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Patrick Willis has a special understanding of what it takes to succeed

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Patrick Willis has a special understanding of what it takes to succeed. (Adam Golub)

It's hard to become one of the best players in the NFL at any position, and much tougher to do it over an entire career. But if you ask San Francisco 49ers linebacker Patrick Willis about toughness, and what can really be hard in life, he can tell you a story that makes the NFL's go-round seem like a day at the beach.

Born into extreme poverty in rural Tennessee, the five-time Pro Bowler and four-time first-team All-Pro -- he's never missed a Pro Bowl in his career since the 49ers selected him 11th overall in the 2007 NFL draft -- has overcome challenges that would bring most people to their knees. At various instances through his childhood, Willis and his three siblings went without running water and electricity, and Willis' father Ernest was a longtime drug addict who was so abusive, the state of Tennessee had to become involved.

But when you ask Willis about his father, all he'll say is that he's grateful for lessons learned. And that's the most remarkable part of Willis' story -- not only has he managed to avoid the bitterness that would hold him back, he's managed to find a positive in nearly everything that has happened through his life.

Willis first made his story public in an episode of ESPN's "E:60" documentaries last year, and he's reaching out to inspire others once again through his campaign with Duracell. it's called "Trust Your Power," and it's hard to imagine a better subject for that concept.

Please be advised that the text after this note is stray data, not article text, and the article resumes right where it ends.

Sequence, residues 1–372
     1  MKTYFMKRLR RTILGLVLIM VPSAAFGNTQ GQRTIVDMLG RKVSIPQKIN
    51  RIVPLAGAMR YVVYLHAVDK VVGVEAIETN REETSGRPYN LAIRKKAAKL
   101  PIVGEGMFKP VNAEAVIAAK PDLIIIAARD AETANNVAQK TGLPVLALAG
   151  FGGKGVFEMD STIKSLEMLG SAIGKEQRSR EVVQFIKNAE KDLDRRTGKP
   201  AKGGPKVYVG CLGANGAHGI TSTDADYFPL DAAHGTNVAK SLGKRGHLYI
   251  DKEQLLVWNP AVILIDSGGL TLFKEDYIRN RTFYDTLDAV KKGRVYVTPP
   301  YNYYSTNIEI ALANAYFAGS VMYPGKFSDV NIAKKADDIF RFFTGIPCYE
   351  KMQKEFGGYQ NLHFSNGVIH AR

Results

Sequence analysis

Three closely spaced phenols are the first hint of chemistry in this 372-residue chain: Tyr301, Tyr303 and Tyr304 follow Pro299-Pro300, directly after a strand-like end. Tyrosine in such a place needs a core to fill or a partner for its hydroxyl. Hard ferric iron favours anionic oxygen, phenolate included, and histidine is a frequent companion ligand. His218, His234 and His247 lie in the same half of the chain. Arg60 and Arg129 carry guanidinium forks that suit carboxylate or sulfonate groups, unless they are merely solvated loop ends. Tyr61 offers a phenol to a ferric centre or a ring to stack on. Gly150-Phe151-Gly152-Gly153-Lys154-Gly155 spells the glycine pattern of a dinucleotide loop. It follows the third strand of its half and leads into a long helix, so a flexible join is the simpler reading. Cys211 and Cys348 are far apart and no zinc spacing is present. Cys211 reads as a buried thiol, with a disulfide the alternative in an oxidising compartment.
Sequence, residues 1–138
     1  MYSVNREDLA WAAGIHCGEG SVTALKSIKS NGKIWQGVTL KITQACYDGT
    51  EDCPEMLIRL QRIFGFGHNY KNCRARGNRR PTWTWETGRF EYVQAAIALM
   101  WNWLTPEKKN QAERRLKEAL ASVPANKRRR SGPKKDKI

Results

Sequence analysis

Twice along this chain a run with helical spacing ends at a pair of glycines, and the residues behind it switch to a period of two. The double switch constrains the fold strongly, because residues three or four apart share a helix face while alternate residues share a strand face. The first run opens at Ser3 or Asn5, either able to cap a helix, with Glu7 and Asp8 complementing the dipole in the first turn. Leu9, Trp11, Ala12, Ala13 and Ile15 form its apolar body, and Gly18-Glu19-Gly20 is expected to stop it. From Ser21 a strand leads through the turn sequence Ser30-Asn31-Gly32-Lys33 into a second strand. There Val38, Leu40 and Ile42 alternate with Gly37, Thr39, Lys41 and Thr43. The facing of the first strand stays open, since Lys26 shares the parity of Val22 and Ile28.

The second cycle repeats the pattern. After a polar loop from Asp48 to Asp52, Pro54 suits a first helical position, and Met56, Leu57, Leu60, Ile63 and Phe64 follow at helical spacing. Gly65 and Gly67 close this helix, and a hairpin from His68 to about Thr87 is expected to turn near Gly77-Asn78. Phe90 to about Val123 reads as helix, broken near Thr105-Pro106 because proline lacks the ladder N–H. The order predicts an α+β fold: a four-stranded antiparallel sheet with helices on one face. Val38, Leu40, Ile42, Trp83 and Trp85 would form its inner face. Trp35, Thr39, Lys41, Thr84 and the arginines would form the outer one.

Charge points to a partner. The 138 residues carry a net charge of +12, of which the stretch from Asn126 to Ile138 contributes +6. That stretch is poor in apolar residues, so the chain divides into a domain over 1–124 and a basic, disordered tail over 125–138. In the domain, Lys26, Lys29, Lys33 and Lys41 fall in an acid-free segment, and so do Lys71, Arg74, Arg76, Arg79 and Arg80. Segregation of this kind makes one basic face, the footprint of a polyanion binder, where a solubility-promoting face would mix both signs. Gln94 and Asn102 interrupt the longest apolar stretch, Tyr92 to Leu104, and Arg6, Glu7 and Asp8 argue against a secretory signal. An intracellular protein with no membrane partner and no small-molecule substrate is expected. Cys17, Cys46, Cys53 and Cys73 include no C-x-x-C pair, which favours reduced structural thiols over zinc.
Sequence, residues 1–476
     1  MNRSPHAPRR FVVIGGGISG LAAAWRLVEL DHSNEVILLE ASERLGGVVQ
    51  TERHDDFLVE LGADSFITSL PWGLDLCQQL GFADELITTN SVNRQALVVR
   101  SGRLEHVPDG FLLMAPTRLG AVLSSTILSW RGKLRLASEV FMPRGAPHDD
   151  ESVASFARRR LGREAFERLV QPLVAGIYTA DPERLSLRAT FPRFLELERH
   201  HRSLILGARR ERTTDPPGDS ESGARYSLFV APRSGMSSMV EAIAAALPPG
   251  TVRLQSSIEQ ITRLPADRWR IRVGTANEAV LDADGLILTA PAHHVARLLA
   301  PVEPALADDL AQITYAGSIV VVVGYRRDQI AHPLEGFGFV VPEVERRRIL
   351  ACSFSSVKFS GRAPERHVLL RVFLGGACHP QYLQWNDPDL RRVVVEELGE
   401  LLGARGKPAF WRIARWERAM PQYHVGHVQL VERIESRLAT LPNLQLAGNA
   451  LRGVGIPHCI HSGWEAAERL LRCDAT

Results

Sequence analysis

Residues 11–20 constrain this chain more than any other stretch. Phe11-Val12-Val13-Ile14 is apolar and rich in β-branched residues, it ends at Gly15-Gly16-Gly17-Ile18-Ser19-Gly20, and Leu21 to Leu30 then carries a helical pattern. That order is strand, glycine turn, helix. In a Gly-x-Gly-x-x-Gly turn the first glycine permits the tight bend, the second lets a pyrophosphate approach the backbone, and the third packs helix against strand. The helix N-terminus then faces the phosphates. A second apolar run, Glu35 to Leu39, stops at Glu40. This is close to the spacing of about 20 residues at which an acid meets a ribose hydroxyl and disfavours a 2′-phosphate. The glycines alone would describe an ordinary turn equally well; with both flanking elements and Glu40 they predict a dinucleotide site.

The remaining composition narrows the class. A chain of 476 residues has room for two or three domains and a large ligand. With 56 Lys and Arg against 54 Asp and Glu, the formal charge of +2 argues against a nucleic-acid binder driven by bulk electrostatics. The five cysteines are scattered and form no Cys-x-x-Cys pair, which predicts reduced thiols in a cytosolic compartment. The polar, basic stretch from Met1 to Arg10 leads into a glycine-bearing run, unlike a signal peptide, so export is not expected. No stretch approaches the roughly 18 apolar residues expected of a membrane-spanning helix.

"I feel it's just the way I was raised. Not having much and not coming from much, I saw my dad go out and work," Willis recently told me. "Despite some of the things he was doing, one of the things my dad told us was that he had to go out and work. He taught us that at a young age -- that if we wanted something, we had to go out and work for it. For me, it was just having that dream of someday getting away and making it out of there and into the pros. I've always wanted to be a professional athlete, whether it was in baseball, basketball, or football -- that was my dream and that was my reality. That was my approach; it had to be more than a dream, and I was always one step closer to reaching my goal."

But as much as Willis has learned to forgive, it's hard to reconcile what he and his brothers and his sister had to go through. Willis would spend summers working at logging camps and in cotton fields to supplement his family's meager income, and that money started draining away as Patrick's father started asking for "loans." Everybody knew where that money was going. That left Willis to act as caretaker for his family, even as he was trying to keep his focus on the dream of life in the NFL. How one small child could grow up and go through such obstacles with such an unstoppable vision boggles the mind, but it certainly makes Willis' amazing focus and productivity on the field easy to understand.

When I asked him what it was that allowed him to stay on the path when so many others might have bailed, Willis responded as if the concept of escape was a foreign one, except if it was earned the right way.

"I never allowed myself to think anything negative like that," he told me. "I just used the circumstances around me as a positive. It would have been so much easier to take the easy way out and say, 'I can't do it,' but I just stuck to live experience. My grandmother was a big churchgoer; she always used to make me and my brothers go to church on Sundays, even when we didn't want to -- sometimes, we would run into the woods. But she was big on that, and we would just pray. Just trust in God, and just believe in Him.